- Supposedly the best opening hole in golf, the first at Machrihanish could be called a Cape. There are two identifiable characteristics. Firstly, a bite off as much as you can chew tee shot. (As an well known example, take Herbert Fowler’s 18th at Pebble Beach Golf Links) Secondly, a green precariously situated near the water’s edge. The opening hole at Machrihanish isn’t a true Cape as per CB Macdonald’s iteration and improvement stateside.
NGLA 17 – Leven Template 7th at Innerleven Links (now 16th ‘Trows’ at Lundin Links)
- Originally, 18 holes where shared between the towns of Leven and Lundin called Innerleven Links. It was the 7th hole on this course which inspired CB Macdonald. After the split, James Braid re-designed the course and the Leven hole became the 16th on Lundin Links known as Trows. Leven (Trows) is an Old Tom Morris original. Identifiable characteristics include a diagonal hazard across the fairway and a green obscured from view from the tee. Visibility is incrementally rewarded for taking on the risk provided by the hazards.
Other Classic Holes*
- Identifiable characteristics include a depression or “sunken green” as per AW Tillinghast’s description. These natural sites are quite common on links land and the free draining soil allows for their use as green sites. Some are below ground level on all four sides!
Eden High In – 11th at St Andrews Old Course
- An Old Tom Morris original, this short par 3 features an elevated green susceptible to the wind. The identifiable characteristics include severe bunkers fronting the green and hazards behind replicating the original Hill and Strath bunkers and shoreline of the Eden estuary. Any shot that carry the green are caught by the shoreline or backing hazard.
Dell – 6th at Lahinch Golf Club
- Identifiable characteristics include a blind tee short to a completely hidden green site. Popular in the UK and Ireland, most Dell templates have been watered down due to the potential for litigation or a growing aversion to blind shots.
Cardinal – 3rd at Prestwick Golf Club
- The hole itself, probably an Old Tom creation, is dubbed Cardinal. (Possible alterations by James Braid in 1918 and 1930) However, the bunker of the same name is what has gained notoriety. Identifiable characteristics include a double dogleg and severe hazards. The original has out of bounds down the right side and severe bunkers midway through the hole.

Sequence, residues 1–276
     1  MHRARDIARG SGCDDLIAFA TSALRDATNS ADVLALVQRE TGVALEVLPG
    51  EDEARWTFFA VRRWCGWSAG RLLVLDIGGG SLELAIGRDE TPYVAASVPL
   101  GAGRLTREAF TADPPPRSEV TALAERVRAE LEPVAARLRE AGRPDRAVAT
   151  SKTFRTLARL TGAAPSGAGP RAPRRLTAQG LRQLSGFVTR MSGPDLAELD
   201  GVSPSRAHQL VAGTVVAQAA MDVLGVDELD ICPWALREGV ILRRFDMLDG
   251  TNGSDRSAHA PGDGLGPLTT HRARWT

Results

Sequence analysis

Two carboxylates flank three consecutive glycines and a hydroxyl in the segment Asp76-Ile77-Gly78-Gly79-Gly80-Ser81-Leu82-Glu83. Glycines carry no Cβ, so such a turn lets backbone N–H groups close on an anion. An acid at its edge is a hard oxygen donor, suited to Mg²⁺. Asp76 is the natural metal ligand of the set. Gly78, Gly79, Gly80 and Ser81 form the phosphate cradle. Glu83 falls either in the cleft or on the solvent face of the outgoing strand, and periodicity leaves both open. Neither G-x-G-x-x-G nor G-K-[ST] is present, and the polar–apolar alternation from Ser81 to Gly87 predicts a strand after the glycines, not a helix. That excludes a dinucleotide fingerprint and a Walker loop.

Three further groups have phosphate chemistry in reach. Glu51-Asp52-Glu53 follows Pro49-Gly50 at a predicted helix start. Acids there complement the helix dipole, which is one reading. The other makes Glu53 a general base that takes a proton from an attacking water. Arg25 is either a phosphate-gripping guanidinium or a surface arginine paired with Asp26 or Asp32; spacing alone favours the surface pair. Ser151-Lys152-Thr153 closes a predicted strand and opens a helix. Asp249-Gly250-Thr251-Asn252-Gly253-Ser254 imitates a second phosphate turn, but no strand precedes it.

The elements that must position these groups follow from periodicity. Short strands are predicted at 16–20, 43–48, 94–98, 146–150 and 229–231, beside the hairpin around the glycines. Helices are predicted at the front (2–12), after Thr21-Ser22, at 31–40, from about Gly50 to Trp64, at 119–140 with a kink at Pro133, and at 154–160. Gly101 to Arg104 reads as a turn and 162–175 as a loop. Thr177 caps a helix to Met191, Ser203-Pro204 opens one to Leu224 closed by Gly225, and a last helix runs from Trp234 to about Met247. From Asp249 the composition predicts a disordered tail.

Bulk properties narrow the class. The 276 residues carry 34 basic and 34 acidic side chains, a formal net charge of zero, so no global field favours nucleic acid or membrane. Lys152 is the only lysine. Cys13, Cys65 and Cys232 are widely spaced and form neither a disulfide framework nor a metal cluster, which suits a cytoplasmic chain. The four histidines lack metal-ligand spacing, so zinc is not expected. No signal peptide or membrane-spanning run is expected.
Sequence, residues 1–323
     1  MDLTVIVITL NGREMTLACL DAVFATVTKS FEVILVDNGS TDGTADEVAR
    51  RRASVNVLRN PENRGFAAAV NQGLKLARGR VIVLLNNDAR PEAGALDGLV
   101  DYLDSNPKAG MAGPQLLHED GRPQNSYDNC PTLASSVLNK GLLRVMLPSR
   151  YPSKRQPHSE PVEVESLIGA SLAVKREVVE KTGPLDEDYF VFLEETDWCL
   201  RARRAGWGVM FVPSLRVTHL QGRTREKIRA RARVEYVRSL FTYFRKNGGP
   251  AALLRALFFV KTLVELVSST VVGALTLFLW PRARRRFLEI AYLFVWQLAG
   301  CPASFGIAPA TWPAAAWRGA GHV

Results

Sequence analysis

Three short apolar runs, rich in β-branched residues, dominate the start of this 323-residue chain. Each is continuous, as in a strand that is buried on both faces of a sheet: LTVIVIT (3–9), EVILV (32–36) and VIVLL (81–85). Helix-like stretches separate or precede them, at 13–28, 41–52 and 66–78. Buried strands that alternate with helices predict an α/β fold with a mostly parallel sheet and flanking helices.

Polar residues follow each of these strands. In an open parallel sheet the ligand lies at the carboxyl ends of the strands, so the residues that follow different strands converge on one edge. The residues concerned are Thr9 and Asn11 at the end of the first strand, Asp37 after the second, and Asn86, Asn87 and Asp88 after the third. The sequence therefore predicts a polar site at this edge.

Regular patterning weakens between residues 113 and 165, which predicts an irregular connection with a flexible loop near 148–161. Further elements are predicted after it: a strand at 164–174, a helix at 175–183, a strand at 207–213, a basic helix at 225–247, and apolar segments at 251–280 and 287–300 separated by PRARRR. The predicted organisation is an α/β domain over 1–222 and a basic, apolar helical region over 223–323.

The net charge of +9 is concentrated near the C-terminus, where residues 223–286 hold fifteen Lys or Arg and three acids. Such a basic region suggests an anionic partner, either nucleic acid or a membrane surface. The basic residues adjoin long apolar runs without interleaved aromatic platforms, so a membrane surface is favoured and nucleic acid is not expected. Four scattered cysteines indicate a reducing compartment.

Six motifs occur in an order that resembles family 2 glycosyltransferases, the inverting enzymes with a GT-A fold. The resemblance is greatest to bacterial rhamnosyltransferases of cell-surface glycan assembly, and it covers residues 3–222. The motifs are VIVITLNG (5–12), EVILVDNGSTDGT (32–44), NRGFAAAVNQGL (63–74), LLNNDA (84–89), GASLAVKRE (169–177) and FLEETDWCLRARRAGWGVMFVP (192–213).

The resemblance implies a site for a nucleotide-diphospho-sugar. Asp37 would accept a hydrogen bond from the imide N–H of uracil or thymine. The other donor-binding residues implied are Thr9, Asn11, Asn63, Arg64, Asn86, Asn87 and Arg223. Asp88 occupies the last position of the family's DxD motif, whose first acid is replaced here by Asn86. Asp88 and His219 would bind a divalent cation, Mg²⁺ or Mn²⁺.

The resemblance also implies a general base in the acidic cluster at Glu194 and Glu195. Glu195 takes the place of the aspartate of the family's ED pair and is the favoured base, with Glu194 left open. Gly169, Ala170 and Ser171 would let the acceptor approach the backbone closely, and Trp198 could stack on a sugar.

Maiden – 6th at Royal St George’s Golf Club (No Longer Exists)
- Similar to a Dell. The original from 1887 was completely blind over the largest dune in Championship golf. The original tee was located on the left side of the current 5th fairway. By 1910, the tee placement was moved so the shot needed to carry a smaller dune. In the 1930’s the tee was again moved, removing all blindness, to its current position. Jason Livy wrote an excellent article along with excellent photography which can be found by clicking here.
Postage Stamp – 8th at Royal Troon
- Known by its relation in size to it’s namesake. The identifiable characteristic is a very small green… no larger than a postage stamp! While the green size is easily replicated, what makes the original so unique is the constant shifting of the wind which seems to exist around the hole. Its
Littlestone – 16th at Littlestone Golf Club
- The identifiable characteristic for CB Macdonald was a dogleg left. Playing along the dogleg it would be a three shot hole. Played directly to an alternate fairway would allow a player to cut the corner and get home in two shots.
*These classic golf holes were identified in the book Classic Golf Hole Design by Robert Muir Graves and Geoffrey Cornish.
A heightened awareness of template holes and their characteristics can only be a good thing for golf and golf course architecture. Perhaps as the rising tide of awareness swells, the originals will again become as revered as the holes they inspired.
Click here to read The Fried Egg’s article featuring the Alps, Leven, Redan, Biarritz, Punchbowl, Road, Cape Eden and Short Template Holes.
Useful links to the courses in this guide.